…”Sreshta Premnath’s ‘Infinite Threat, Infinite Regress’ passes on to the socio-political plane, though addressed to individuals. Manipulated, multiplied and enhanced images from a Bruce Lee film have the hero facing an invisible adversary in a chamber of mirrors. The effect is of high but confused, self-imposed or rather state-imposed alertness and fear, which becomes underscored by the TV monitor displaying an apparently clear, yet practically useless abstract graph, with the official estimate of terrorist threat in the US. ”
GALLERYSKE, Bangalore is proud to present
A group show featuring works by Sreshta Premnath, Minam A., Sakshi Gupta, and Avinash Veeraraghavan.
Preview: Sunday, 20 July, 2008
On display: 21 July – 25 August, 2008
CURRENT features works by four young artists with current practices and creative vocabularies. The premise was simple: the artists were invited to respond to the word “current” with it’s various implications—of wind, water and electric currents and the quality of being immediate and contemporary. Each of the four artists has approached the idea with his/her own specific biases and predilections.
A screening organized by 16 Beaver Group.
Co-presented with YBCA and San Francisco Cinematheque, in conjunction with the exhibition Hopeless and Otherwise on display at Southern Exposure, June 24th 2008
Avi Alpert and Sreshta Rit Premnath will be playing a game of Carrom, a tabletop game somewhat similar to billiards, between 6 and 8 pm on Saturday June 21st. Visitors are encouraged to join them (up to 4 people can play at a time). They will be happy to explain the rules of the game for those who have not played and also to converse about anything that may be of interest. Tea and cookies will be served, and books and seating will be made available for those who prefer to watch the game or read something rather than participate.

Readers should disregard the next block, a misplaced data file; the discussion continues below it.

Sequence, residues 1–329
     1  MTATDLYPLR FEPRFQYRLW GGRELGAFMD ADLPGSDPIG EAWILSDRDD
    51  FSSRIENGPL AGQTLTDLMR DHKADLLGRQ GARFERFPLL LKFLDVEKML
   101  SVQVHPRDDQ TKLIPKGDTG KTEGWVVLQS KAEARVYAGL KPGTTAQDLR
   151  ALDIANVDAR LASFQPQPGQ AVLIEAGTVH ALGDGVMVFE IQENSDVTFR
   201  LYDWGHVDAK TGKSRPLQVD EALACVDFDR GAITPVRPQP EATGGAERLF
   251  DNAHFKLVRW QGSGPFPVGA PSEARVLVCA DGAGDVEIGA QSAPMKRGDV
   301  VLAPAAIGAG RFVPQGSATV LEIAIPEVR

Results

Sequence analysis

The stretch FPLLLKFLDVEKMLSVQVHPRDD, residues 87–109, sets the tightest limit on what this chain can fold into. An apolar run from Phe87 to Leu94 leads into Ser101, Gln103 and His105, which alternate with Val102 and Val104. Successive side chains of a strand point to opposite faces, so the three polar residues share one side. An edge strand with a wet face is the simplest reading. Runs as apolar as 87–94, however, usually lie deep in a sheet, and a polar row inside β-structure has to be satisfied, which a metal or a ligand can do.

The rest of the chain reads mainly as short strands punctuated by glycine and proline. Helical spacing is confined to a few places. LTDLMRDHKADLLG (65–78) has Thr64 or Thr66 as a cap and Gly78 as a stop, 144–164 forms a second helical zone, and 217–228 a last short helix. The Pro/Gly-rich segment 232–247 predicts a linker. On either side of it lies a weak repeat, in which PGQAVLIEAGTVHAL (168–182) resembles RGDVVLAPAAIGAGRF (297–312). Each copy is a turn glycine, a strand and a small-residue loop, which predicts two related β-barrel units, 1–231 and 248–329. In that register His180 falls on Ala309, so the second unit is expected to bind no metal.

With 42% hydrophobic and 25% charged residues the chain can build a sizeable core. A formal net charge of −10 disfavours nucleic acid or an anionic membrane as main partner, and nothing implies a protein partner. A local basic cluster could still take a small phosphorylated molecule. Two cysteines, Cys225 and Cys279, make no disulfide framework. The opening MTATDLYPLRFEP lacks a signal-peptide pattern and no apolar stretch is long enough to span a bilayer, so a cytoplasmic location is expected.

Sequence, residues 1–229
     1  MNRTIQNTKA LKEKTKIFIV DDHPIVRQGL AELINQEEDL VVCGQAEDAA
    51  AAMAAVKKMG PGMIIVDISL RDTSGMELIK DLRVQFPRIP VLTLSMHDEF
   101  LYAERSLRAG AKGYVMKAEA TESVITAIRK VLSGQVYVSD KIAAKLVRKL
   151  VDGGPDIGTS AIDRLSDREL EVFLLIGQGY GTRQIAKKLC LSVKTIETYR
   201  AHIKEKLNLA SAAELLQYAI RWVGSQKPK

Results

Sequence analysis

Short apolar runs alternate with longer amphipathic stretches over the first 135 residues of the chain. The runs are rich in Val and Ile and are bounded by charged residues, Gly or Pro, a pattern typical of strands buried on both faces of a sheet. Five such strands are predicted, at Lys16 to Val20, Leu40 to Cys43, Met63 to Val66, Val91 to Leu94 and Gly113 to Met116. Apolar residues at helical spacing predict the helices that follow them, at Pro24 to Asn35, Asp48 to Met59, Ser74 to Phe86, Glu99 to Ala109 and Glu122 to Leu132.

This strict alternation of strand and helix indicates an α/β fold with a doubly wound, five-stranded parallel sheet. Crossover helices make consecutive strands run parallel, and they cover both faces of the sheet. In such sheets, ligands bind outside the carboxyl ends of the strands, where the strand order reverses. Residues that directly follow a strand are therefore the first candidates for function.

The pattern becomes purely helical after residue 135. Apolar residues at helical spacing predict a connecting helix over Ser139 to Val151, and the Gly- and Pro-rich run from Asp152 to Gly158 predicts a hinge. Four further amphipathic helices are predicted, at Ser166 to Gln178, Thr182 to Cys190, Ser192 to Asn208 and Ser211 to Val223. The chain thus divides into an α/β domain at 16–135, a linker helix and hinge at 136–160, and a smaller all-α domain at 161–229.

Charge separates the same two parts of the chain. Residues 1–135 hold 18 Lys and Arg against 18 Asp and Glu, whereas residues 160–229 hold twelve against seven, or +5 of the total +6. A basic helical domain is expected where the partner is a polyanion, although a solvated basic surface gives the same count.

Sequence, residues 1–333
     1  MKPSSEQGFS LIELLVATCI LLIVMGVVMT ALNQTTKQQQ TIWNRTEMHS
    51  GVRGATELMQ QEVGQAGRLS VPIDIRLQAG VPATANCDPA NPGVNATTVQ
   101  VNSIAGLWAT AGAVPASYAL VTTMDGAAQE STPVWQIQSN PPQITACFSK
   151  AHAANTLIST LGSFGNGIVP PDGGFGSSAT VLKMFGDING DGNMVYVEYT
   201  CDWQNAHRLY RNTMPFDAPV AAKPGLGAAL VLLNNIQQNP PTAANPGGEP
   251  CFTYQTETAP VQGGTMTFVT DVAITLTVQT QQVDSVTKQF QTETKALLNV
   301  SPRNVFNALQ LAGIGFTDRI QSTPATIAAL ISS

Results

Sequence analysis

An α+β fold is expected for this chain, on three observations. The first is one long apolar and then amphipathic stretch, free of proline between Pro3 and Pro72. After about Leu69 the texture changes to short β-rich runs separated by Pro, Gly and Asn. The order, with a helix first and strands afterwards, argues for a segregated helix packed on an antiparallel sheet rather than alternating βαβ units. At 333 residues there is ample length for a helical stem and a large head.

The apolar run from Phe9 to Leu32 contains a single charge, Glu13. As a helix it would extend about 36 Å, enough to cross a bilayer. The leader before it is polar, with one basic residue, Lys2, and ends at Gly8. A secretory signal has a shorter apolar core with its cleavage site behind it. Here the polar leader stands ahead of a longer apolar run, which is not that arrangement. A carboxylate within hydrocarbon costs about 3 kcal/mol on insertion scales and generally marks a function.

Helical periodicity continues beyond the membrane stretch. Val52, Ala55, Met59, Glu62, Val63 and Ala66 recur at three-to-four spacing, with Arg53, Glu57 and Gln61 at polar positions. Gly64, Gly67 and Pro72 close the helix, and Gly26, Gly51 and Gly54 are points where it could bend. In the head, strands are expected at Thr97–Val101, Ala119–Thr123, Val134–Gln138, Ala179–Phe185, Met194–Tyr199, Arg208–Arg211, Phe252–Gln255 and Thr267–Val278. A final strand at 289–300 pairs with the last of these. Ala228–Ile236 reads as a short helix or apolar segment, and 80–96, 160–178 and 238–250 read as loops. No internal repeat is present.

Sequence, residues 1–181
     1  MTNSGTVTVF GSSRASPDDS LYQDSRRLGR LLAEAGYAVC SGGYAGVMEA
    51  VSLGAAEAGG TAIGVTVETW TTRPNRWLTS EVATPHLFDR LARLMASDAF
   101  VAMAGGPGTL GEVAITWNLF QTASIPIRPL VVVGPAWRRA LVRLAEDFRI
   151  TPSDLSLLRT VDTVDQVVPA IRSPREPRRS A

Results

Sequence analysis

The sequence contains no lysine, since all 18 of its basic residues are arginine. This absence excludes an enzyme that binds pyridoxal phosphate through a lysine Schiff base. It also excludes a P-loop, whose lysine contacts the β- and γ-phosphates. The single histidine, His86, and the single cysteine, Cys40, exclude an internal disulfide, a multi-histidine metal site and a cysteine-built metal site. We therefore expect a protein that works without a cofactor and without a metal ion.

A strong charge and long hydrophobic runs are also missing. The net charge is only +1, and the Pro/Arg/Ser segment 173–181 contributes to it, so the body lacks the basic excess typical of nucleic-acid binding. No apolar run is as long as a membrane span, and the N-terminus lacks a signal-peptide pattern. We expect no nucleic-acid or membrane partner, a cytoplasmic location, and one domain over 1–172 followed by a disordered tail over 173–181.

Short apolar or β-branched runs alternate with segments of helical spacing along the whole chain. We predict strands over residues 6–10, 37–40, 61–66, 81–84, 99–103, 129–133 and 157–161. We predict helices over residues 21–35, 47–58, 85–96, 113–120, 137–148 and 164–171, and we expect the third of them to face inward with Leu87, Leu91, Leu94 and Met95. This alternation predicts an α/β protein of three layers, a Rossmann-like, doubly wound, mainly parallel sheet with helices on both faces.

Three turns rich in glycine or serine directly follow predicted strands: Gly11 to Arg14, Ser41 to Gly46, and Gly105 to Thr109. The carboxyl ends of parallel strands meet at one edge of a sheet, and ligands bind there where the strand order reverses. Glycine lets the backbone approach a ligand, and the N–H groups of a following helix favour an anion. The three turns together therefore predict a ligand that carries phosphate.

“The Audacity of Desperation”
Presented by PS 122 Gallery at DEMO Space 122
150 1st Avenue, enter on 1st Avenue, take stairs to second floor
June 19 – June 22, 2008
Presented by Whitney Museum of American Art Independent Study Program
at 548 West 22nd Street, 3rd floor
May 17 – June 7, 2008
An exhibition of works by the 2007–08 Studio Program participants of the Independent Study Program:
JANE JIN KAISEN
SRESHTA RIT PREMNATH
Saturday, May 17 5–8 pm
Daily 11 am–6 pm
AN EVENING OF SCREENINGS AND PERFORMANCES
Saturday, May 31 6:30–8 pm
The exhibition and all events take place at 548 West 22nd Street, 3rd floor. Admission is free.
Collaboration with Jesal Kapadia
Jan 28, 2008 – Marta Jakimowicz
Collapse of Certainty
Galleryske, continuing its focus on bold, young art, presents Bangalore-born Sreshta Premnath who lives in New York. His exhibition, the “Black Box” (January 7 to February 15) from evidence of air crash becomes a metaphor of the current collapse of clarity in a globalising world. Human and object movements spontaneously change and muddle perception, positions and values, while deliberate manipulation of the same comes from economical powers and advertising imagery aided by technology.
Unnamable Name – January through March 2008
An installation within the book-stacks of Tompkins Library organized by Ithaca/NYC based artist Todd Ayoung
The library’s 2008 Series A Year of Art at the Library opens with a very different exhibit – Unnamable Name. Search for the exhibit within the book-stacks.
Unnamable Name is a group exhibition organized by the Ithaca/NYC based installation artist Todd Ayoung that includes works by visual artists working locally and internationally and using a variety of different media.Artists were asked to create work for underused non-art spaces inside the Tompkins County Public Library that addresses the repetition, persistence and notion of the “unnamable”, as a sighting between identity, or the naming of a category.